Gerald Eskin

The Aspen TimesAspen, CO Colorado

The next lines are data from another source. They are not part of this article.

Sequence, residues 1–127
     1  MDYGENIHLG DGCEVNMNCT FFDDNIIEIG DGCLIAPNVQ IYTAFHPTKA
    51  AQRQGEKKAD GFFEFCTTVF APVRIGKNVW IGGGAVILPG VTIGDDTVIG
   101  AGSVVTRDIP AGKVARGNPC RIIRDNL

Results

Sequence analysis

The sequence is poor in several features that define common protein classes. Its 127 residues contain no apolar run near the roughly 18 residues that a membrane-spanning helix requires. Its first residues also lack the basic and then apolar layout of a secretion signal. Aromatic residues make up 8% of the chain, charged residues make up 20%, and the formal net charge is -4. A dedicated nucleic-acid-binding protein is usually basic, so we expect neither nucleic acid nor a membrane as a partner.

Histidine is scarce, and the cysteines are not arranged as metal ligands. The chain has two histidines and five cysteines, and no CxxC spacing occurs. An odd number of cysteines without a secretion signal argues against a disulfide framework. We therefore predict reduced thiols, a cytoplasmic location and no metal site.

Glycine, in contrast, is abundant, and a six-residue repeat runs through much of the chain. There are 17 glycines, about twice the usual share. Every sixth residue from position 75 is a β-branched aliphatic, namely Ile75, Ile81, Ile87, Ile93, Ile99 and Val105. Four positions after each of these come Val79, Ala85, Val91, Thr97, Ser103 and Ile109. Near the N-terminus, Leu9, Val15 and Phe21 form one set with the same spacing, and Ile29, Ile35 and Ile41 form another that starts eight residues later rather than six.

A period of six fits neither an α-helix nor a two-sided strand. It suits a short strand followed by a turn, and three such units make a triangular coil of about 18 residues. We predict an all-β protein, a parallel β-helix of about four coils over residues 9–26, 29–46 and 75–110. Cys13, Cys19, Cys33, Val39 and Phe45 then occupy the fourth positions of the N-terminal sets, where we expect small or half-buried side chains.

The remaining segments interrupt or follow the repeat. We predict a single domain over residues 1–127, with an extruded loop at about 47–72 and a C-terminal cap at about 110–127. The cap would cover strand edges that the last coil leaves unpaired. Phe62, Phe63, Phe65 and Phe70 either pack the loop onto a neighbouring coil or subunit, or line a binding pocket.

Aspen artist and part-time resident Gerald Eskin, 76, died Tuesday in Iowa after succumbing to infections following a battle with heart problems.Locally, Eskin was popular for his art that used ceramics, and was also an avid skier. Nationally, Eskin was best known for helping patent the technology that allowed grocery store products to be scanned via barcode.According to his family, Eskin was born on Oct. 10, 1934, to Rose and William Eskin of Washington, D.C. His father, a butcher, owned a grocery store. At 15, he met the vivacious Sandra Israel, then 12. Their first date was her sweet 16; during the party they discovered they shared a taste for jazz and the same birthday. Two years later, in 1956, the pair married. As a teen, Eskin learned to shoot photographs using a Graflex Speed Graphic camera. He was hired as stringer for the Washington Daily News, covering sports, crime and nightlife. It was a job he later thought of as his favorite. At Eastern High School, a journalism teacher named “Doc” Regis Boyle insisted Eskin try something he’d never considered: college. Eskin graduated from the University of Maryland and later served as a photographer for the Air Force Reserves. He earned his doctorate in economics from the University of Minnesota. He taught marketing and market research at Stanford University and at the University of Iowa.In 1979, Eskin and three partners founded Information Resources, Inc., a market-research firm based in Chicago. Exploiting the potential of new technology that allowed grocery products to be scanned via barcode, Information Resources grew to one of the world’s leading market-research firms. Eskin was awarded three U.S. patents for technology he developed for IRI.After retiring from IRI in 1995, Eskin turned his attention to his long-time pursuit, ceramics. His work is held in major collections, including the Metropolitan Museum of Art, the Museum of Arts & Design (formerly the American Craft Museum), Longhouse Reserve, the Mint Museum, the University of Iowa Museum of Art and the Racine Art Museum. Eskin conceived, designed and developed the ceramics collection for the University of Iowa Art Museum. He served as chairman of the advisory board of the National Council on Education in the Ceramic Arts, as a board member of the American Craft Museum, and as a member of the advisory board of the University of Iowa Museum of Art.Students often joined Eskin in Aspen to help with the three-day process of wood firing and to help move his sculptures, many of which weighed more than 1,000 pounds. He was an adventurous traveler, visiting potters across Asia and ancient ruins in Europe and the Middle East. These influences are clear in his work.Eskin was at home in Aspen preparing for that show in March 2010, when he suffered a heart attack. This spring, though still hospitalized, now in Iowa, Eskin had returned to shaping pots and was learning games for the iPad when he died.Eskin preferred a casual style: jeans and a beard.Eskin is survived by his wife of 54 years, Sandie “Zoe” Eskin; his younger brother, Howard Eskin, of Charlton, N.Y.; and three children: Joshua Eskin of Boulder; Leah Eskin of Baltimore, Md.; and Benjamin Eskin of Minneapolis; as well as seven grandchildren and one dog, Jackson. Eskin’s website,, includes a tribute to his black Lab, Claude, who died in 2006. It concludes: “In lieu of flowers, feed a dog some table scraps or let your dog off the leash for a few minutes.” Contributions in honor of Eskin can be made to the University of Iowa Museum of Art or the American Civil Liberties Union of Iowa. A private burial was held Thursday. The family plans memorial services in Iowa City and Aspen later this year.